Schools are transient places. Students graduate, taking active parents with them. Teachers and staff also move on to different schools or careers. As folks come and go, so too does gardening knowledge and enthusiasm, and once thriving gardens can rapidly turn into beds of Bermuda grass interspersed with lone, misshapen carrots or a single, sprawling plant of rosemary or sage.
Fortunately, with a bit of team work abandoned gardens can be easily revived. Recently, Grow Local along with members of SFC’s community outreach team collaborated with teachers, parents and staff at Norman Elementary to redesign and restore the school’s garden. The existing planting beds were too wide for students to garden, and the paths were too narrow for students to gather during gardening demonstrations. Perhaps most daunting, thick patches of Bermuda grass were growing in each bed.
After a series of meetings with Carissa Raney, the school’s Parent Support Specialist, SFC and Norman Elementary chose a date for a work-day, spread the word amongst school staff and parents as well as SFC volunteers, and assembled tools. On the day of, over 20 people hauled away limestone blocks, weeded the garden beds and paths, and re-laid the limestone, creating three new planting beds separated by wide paths. Teenagers playing basketball on the school’s court took a four-hour break from their game to help us dig, weed, and lay woodchips. We ended the day by planting one bed with sage, thyme, oregano, dill, and fennel donated to SFC by Akins High School.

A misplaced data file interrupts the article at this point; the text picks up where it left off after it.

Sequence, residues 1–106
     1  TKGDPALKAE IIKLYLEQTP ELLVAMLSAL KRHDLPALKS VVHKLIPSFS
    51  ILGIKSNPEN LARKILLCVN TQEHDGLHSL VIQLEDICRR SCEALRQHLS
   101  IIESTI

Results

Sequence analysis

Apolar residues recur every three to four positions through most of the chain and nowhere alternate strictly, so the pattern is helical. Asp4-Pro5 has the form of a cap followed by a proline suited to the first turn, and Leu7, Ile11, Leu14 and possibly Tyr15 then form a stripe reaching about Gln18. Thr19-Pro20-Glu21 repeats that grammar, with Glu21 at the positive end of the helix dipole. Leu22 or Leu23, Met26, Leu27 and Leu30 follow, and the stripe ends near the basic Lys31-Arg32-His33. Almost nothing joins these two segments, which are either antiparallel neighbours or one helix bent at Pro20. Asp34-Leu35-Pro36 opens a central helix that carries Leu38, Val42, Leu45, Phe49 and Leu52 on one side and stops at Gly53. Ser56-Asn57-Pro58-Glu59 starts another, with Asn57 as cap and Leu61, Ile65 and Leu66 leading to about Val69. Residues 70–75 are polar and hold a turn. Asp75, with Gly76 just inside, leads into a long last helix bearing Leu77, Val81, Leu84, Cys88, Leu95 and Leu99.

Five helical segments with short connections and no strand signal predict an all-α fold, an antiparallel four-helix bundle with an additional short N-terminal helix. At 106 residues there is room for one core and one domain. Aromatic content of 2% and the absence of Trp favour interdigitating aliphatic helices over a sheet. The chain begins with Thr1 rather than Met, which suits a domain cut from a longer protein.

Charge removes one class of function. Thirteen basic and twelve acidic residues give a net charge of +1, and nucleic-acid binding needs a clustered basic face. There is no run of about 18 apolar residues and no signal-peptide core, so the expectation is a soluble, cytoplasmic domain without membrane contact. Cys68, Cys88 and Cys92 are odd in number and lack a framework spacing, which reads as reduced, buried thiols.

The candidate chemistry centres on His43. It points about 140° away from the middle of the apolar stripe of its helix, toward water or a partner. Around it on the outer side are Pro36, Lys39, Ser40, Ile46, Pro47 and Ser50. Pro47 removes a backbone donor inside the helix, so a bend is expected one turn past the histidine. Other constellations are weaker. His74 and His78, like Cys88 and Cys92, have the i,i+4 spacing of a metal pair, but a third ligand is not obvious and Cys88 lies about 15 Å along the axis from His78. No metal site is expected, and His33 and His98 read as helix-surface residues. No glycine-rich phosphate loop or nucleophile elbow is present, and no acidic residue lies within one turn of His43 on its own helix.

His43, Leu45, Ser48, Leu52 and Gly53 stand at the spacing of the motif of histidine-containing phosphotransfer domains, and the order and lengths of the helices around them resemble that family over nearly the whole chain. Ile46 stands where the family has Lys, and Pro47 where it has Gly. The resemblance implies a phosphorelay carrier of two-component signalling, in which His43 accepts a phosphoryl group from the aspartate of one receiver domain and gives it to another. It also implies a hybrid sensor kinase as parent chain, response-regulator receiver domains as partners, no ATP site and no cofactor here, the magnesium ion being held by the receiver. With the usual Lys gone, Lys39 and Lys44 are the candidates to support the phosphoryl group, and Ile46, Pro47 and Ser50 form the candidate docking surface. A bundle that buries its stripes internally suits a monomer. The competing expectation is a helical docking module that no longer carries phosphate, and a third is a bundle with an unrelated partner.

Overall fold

Before the day began, we were slightly worried that we had bitten off more than we could chew, but thanks to the efforts of gardeners who came before us, our labors were not as strenuous as expected. Our shovels cut easily into soil that had been amended and worked, making it easy to uproot weeds and move limestone, and the soil required minimal additions of compost before planting. When the day ended, we were tired and hungry, but we had accomplished our goal. Norman Elementary now had three usable vegetable garden beds, just in time for spring planting.
Because previous gardeners had moved on from the school, in order to ensure the garden’s success, we followed the work-day with a series of adult and youth gardening classes. In addition to teaching students and staff how to plant, we added trellises to the garden, built a simple compost system out of chicken wire and rebar, and did a general tidy up. While technically SFC’s work at Norman is nearly done, we hope this is the beginning of a long gardening relationship.
If you are involved with a Central Texas school, as a staff, teacher, parent or neighbor, and if you think your school garden would benefit from a similar revival, let us know! Contact Bianca at Bianca@sustainablefoodcenter.org or (512) 236-0074 ext. 121. We would love to work with you!